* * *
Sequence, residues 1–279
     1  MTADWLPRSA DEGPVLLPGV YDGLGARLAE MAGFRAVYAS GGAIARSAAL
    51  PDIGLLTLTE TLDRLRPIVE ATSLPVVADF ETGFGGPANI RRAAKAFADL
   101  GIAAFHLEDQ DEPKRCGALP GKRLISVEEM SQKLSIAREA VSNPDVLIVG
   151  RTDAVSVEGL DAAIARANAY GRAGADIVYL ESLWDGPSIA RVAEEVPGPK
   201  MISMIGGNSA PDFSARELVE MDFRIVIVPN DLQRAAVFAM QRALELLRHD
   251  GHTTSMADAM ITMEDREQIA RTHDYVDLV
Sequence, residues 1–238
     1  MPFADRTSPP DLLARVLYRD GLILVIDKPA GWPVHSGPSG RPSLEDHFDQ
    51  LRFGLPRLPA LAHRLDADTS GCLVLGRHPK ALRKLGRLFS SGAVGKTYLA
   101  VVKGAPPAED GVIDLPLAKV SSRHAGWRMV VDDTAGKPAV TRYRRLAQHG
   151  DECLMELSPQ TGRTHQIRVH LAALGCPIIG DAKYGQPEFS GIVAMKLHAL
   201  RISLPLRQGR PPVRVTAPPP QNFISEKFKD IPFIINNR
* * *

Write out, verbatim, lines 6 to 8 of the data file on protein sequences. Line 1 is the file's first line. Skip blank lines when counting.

   201  MISMIGGNSA PDFSARELVE MDFRIVIVPN DLQRAAVFAM QRALELLRHD
   251  GHTTSMADAM ITMEDREQIA RTHDYVDLV
Sequence, residues 1–238